“BEYOND HERE LIES …”
By Rev. John Holbrook M.S., PSI
In many cultures throughout history there is a creature that has been depicted as a villain or as a saint of the air, sea and land. This creature is known by many names, has been held as a God or a Devil, and in some cultures said to be mortal and in other cultures immortal. The modern world has one name for the creature I speak of and it is “Dragon.”
Merriam-Webster’s Dictionary describes a dragon as, “an imaginary animal usually pictured as a huge serpent or lizard with wings and large claws.” Some of the historic names for Dragons are Wyvern, Lung, Lindworm, Knucker, and of course Western Dragon.
The Lung is the dragon of china. It was said to be able to fly although it is described as not having wings but rather a long serpent like body with scales, four or five toes, a feathery tail and long whisker like feelers around its head. The Lung had the capacity to shape shift into many different guises including human but its favorite from was that of a large Gold Fish or Carp and this may be why Coy ponds were thought to be spiritual places for enlightenment. It is believed that the Lung taught the Chinese how to write and many legends describe how the Lung shared their wisdom and power with the worthy.
The Lindworm or any of the worm dragons are the most associated with a family curse. They are described as being long like a snake some having two legs, aquatic by nature and belligerent by temperament. The Lambton Worm legend dated 1420 is said to have occurred in Durham England and is still talked about today in that community (read about the Lambton Worm in the Dragon Lore section). Knuckers are similar to Worms but have four legs and vestigial wings.
The most viewed dragon in modern films and literature is the Western Dragon. This dragon has been depicted as good or evil. It has four legs and wings and breathes fire. Historical accounts of this type of Dragon hold many of the modern descriptions except that none of the Western Dragons of olden times were good by nature and most were slain by the hero of the stories. These Dragons varied in type and color by the region in which they dwelled. The Frost Dragon would breathe a freezing wind that would instantly freeze its prey. In some cases the breath contained poisons gas or acid.
I like to believe in my Dragon and that he helps to guide me sometimes and dwells within me ready to lend his courage and wisdom to me in my time of need. Yes - I know that with the balance in all things there must be Dragons that are bad and some have been slain by the heroes of old. If you walk this earth as I walk it, you will see beings much more scary than any Dragon of history with more devastating weapons than fire. I will keep the flame of the Dragon as a light to see in to the darkness and I will remember that there are always more than one side to every coin and every situation. I will always keep the treasure of my heart close and guard it well keeping true to my own heart.
Last of all, if I find myself in an evil Dragon’s territory I will remember that I might taste mighty good with ketchup to him!
The All American Dragon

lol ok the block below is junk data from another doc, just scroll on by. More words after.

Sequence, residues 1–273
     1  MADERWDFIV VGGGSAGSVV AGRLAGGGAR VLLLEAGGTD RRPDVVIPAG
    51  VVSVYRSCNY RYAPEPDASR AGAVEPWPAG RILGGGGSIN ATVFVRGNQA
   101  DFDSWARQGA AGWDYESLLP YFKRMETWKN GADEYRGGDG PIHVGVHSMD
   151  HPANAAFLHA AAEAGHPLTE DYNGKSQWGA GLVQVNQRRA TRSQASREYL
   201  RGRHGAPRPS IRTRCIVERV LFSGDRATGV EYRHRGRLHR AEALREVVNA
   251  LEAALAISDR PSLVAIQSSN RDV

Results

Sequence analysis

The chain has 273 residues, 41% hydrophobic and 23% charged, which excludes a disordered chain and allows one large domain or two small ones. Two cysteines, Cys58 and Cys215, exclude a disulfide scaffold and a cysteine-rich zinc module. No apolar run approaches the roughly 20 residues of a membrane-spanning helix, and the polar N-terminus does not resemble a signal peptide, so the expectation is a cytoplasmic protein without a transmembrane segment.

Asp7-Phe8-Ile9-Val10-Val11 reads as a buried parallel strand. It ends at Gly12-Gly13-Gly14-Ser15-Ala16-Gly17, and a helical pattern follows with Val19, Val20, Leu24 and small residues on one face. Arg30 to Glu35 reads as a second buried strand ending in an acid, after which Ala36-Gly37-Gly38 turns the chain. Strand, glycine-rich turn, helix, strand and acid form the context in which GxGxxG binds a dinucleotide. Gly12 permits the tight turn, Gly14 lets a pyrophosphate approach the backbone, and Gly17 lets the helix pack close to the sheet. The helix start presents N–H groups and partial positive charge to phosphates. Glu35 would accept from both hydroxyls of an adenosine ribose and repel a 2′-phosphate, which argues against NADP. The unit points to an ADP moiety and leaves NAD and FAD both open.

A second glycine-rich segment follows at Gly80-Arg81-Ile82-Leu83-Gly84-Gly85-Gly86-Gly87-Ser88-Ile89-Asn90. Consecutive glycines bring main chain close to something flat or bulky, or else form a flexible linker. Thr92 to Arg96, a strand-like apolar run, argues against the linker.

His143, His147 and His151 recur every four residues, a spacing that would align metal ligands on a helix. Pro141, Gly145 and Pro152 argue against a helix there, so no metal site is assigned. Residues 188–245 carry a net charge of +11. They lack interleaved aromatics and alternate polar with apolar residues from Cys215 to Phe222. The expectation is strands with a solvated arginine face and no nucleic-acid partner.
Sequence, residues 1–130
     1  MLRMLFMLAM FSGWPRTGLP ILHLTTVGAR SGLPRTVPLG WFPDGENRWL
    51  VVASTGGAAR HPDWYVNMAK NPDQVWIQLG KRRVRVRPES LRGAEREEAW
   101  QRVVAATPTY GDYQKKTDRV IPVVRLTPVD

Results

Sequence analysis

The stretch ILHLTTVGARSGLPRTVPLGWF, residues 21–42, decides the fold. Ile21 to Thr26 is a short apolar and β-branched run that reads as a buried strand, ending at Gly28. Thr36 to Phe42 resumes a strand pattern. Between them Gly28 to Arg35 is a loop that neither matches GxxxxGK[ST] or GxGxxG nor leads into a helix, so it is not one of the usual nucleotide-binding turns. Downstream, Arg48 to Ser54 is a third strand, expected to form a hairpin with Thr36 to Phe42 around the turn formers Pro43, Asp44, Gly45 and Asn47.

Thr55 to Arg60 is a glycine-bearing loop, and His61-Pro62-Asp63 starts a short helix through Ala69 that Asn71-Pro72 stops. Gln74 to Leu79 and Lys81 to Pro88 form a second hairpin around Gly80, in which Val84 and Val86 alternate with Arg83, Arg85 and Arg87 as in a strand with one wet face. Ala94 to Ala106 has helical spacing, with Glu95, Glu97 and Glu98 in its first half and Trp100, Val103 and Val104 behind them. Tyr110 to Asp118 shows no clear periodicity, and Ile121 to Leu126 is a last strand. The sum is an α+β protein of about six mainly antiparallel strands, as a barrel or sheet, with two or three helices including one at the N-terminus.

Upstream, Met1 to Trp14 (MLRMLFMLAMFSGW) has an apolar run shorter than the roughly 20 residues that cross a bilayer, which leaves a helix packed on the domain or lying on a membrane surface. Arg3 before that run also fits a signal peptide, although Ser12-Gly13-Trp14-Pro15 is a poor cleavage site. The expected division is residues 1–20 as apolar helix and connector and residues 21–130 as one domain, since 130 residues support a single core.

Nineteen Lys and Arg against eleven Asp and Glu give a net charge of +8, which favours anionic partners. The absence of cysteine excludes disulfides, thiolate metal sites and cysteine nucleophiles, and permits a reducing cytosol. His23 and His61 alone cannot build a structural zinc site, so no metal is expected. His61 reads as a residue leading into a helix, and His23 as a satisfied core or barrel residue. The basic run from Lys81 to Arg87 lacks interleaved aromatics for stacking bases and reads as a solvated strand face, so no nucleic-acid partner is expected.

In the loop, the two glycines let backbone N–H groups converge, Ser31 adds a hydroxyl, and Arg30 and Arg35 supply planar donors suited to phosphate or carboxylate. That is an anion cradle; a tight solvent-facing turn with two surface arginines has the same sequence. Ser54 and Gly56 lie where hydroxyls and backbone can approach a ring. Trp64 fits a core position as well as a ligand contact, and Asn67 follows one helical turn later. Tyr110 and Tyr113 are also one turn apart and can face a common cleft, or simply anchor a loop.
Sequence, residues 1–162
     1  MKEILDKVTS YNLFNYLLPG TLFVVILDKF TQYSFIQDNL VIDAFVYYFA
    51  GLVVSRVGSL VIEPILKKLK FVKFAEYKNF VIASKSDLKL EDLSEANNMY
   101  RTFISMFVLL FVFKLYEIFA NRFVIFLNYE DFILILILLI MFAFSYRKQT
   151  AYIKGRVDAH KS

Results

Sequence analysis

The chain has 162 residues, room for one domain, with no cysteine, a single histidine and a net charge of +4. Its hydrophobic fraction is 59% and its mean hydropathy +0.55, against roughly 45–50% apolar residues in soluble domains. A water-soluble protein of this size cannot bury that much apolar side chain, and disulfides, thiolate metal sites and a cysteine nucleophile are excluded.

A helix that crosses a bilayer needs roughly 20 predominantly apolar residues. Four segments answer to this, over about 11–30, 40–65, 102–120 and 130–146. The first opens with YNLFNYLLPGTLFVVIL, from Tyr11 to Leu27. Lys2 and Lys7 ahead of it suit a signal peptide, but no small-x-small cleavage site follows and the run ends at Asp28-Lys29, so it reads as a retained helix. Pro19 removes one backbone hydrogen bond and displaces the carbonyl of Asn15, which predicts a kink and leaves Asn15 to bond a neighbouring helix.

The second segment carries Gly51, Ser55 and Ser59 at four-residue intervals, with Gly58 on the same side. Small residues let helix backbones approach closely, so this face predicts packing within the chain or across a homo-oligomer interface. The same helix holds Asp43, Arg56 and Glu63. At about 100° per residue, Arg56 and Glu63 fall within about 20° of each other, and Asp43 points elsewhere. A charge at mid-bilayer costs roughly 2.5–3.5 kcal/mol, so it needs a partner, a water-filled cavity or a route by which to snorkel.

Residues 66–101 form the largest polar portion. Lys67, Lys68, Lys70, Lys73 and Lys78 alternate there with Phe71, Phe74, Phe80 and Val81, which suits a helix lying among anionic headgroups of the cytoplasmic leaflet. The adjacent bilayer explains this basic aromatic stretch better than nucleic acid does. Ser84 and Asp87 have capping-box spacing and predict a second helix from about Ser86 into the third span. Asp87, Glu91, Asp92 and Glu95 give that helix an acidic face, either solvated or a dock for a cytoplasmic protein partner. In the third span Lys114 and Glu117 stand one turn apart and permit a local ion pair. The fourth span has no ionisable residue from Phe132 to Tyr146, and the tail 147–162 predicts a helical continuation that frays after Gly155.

“Yummy, Yummy, Yummy”
In August of 1673, a Jesuit priest by the name of Father Jacques Marquette had one of the most terrifying times of his life when he spotted horrifying monsters which seemed to be hovering on the cliffs above the Mississippi River while travelling through Illinois (near Alton). Fortunately for him they were merely petroglyphs painted onto a cliff face about 80 feet above the ground.
According to his Indian guide, the petroglyphs had been created centuries earlier by the long forgotten Illini tribe who believed that a terrible dragon had inhabited the area. This dragon was called piasa which means “the bird that devours human beings.” The Illini lived in harmony with the piasa who dwelled in a cave just below the cliff. It never troubled humans and was content to eat large mammals such as deer. This peaceful co-existence was destroyed however when a warring tribe invaded the Illini territory. A bloody battle ensued and even though the Illini were triumphant, the carnage left so many bloody bodies that it was too much for the piasa to ignore. The taste of human flesh was a great feast for the piasa and it became a man-eater often attacking the Illini.
A grand meeting of the entire tribe was held with hopes of finding a way to destroy the piasa. This was very difficult mainly because the dragon was air borne making it difficult to fight and impossible to capture. A young brave named Massatoga proposed a daring solution… that the monster would be ambushed by luring it to ground level by using human bait. Twenty of the bravest warriors were chosen for the task and Massatoga volunteered to act as the “bait.”
The plan was set to start at daybreak just outside the piasa’s lair a time when the “bait” would be highly visible to the piasa. Massatoga stood by the river and raised his arms up to the sky. In a loud, clear voice he called out reverently to Great Spirit for assistance in overcoming his tribe’s great nemesis. As his voice echoed over the land the clear skies began to grow dark. It was the piasa making its presence known with an ear shattering shriek. As the great dragon descended Massatoga got a full view of its horrible visage. The beast had a tri color body of red, green and black with leathery wings. The entire body was covered with scales and it had knife-like black talons. It also had a serpentine tail terminating in a double fin and its head was graced with antlers. It was about 30 feet long, 12 feet high and its wings had a span of approximately 18 feet. Perhaps the most terrible feature was the face which bore a grotesque mask appearing almost humanlike yet demonic with glowing red eyes, apelike nostrils, a beard of stiff bristles worst of all, row upon row of razor sharp teeth.
The piasa swept down to grab Massatoga but he was too fast and ran for the shelter of some nearby trees. In hot pursuit, the piasa was forced to fold its wings in order to avoid getting them tangled in the tree limbs. The other nineteen warriors leapt from their hiding places and surrounded the monster barraging it with poisoned arrows. Many of the arrows were ineffective because they were repelled by the monsters tough scales but the warriors were relentless until the piasa lay wounded and blinded by the onslaught. Once it was disabled the warriors attacked its body with their knives and tomahawks until the beast was dead.